In the 17th century the old Nymphaeum was rebuilt into the Villa Palombara, built by Massimiliano Palombara, the Marquis of Peitraforte and a practicing alchemist and occultist. When the alchemist Giuseppe Borri came to Rome he joined the Palombara circle. Borri conducted experiments (paid for by Palombara) to turn common metals into gold. No one knows if his experiments worked or not. He fled Rome when he was a person of interest during one of the 17th century Inquisitions. He also left behind a bunch of documents filled with formulas that no-one else understood. Palombara had them inscribed onto the doorway of his laboratory. The symbols along the frame of the door include Saturn for lead, Jupiter for tin, mars for iron, Venus for copper, Mercury for mercury and the Sun/Apollo for gold.
This doorway is all that remains of the villa. The rest was destroyed in the late 19th century to make room for the Urban renewal of the Italian Reunification. The statues on either side of the Magic door were added much later. They were from the Quirinale Hill from a temple dedicated to Egyptian gods. They’ve been guarding the magic door since 1888.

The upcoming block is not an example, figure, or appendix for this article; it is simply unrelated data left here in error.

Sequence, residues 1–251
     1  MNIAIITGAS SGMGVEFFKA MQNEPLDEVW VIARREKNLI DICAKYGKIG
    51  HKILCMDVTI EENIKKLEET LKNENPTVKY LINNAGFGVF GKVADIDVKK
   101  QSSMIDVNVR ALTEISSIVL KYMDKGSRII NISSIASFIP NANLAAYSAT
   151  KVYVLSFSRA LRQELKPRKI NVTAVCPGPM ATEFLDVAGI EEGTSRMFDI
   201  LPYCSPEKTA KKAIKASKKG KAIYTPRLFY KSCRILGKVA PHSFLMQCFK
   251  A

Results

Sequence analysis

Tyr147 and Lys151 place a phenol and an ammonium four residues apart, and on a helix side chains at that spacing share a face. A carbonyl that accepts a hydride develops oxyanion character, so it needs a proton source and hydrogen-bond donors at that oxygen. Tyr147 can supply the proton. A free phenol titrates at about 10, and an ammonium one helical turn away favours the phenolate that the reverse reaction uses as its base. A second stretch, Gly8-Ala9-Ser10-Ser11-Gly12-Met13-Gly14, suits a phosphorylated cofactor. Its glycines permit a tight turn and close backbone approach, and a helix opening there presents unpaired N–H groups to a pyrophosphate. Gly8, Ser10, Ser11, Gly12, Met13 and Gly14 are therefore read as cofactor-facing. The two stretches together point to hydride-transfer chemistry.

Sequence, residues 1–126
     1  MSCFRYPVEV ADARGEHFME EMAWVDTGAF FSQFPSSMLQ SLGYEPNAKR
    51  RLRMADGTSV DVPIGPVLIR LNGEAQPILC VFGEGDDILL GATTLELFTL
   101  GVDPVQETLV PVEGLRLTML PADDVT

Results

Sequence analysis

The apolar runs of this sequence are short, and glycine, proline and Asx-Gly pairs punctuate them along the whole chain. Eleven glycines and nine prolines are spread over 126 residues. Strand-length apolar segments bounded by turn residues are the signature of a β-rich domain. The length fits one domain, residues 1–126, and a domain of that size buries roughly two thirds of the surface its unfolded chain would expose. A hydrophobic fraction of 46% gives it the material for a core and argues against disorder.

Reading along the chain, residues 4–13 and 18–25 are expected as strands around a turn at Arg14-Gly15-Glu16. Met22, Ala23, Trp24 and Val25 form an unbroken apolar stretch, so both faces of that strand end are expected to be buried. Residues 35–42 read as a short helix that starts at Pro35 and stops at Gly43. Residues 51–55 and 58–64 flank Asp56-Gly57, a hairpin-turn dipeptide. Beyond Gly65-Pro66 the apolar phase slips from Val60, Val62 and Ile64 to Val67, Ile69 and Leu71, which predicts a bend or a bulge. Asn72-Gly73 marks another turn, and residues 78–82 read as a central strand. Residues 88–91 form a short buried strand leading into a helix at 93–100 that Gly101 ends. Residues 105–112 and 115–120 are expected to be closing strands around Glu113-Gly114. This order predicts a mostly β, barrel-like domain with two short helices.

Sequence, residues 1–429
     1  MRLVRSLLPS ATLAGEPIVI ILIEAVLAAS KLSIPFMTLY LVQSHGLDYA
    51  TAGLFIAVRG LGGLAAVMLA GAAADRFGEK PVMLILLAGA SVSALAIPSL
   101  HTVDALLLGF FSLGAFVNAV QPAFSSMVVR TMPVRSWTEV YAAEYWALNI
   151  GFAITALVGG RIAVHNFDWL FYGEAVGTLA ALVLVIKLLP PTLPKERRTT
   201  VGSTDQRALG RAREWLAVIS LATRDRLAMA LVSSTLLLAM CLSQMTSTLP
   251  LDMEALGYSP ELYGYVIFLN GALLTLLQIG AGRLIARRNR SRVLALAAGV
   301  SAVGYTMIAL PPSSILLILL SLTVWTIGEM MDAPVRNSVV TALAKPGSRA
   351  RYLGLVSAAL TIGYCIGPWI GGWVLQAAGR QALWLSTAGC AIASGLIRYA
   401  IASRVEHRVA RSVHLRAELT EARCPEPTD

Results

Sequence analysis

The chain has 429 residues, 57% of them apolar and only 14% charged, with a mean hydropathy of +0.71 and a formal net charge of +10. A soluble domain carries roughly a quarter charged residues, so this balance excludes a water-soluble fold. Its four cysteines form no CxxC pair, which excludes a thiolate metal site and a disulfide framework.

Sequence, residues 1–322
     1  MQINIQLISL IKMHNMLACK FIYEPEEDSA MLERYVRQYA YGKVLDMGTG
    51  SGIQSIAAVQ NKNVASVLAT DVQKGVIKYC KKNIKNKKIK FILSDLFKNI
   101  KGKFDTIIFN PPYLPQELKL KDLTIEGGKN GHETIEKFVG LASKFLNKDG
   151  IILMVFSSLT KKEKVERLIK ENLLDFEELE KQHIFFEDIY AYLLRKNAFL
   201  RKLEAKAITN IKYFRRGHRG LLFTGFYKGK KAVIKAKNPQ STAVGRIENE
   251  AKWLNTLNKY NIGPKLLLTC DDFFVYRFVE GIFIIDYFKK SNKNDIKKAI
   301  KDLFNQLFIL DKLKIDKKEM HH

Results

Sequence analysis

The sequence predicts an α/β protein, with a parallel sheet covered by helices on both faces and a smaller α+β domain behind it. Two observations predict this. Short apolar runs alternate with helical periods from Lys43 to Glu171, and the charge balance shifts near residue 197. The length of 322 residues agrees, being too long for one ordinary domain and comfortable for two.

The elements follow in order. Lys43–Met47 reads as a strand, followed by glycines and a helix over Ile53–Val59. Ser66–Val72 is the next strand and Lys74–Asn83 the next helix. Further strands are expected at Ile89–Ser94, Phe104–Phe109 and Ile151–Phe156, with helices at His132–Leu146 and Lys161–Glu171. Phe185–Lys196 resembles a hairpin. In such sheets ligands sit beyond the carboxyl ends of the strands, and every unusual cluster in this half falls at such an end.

If you’re still looking for the truly bizarre, head on over to the Via Veneto, once the center of la dolce vita (the sweet life) of the 60’s.
The cappuccino coffee is a reference to the little hoods of their robes. The crypt under the church has become a tourist destination for lovers of the macabre. The walls of the crypt are decorated entirely of human remains; bones, teeth, rib cages, femurs, fingers. They are fabricated from over 4,000 skeletons and they are actually very beautiful.
Over the door it reads (in three languages), “What you are now, we once were; what we are now, you shall be.” It’s kind of a nice reminder that we are only here temporarily.
In the Basilica di San Paolo, there is a picture of every Pope lined up in a row. Legend has it that when all the spaces are filled up, the end of the world will come. There are only eight spaces left.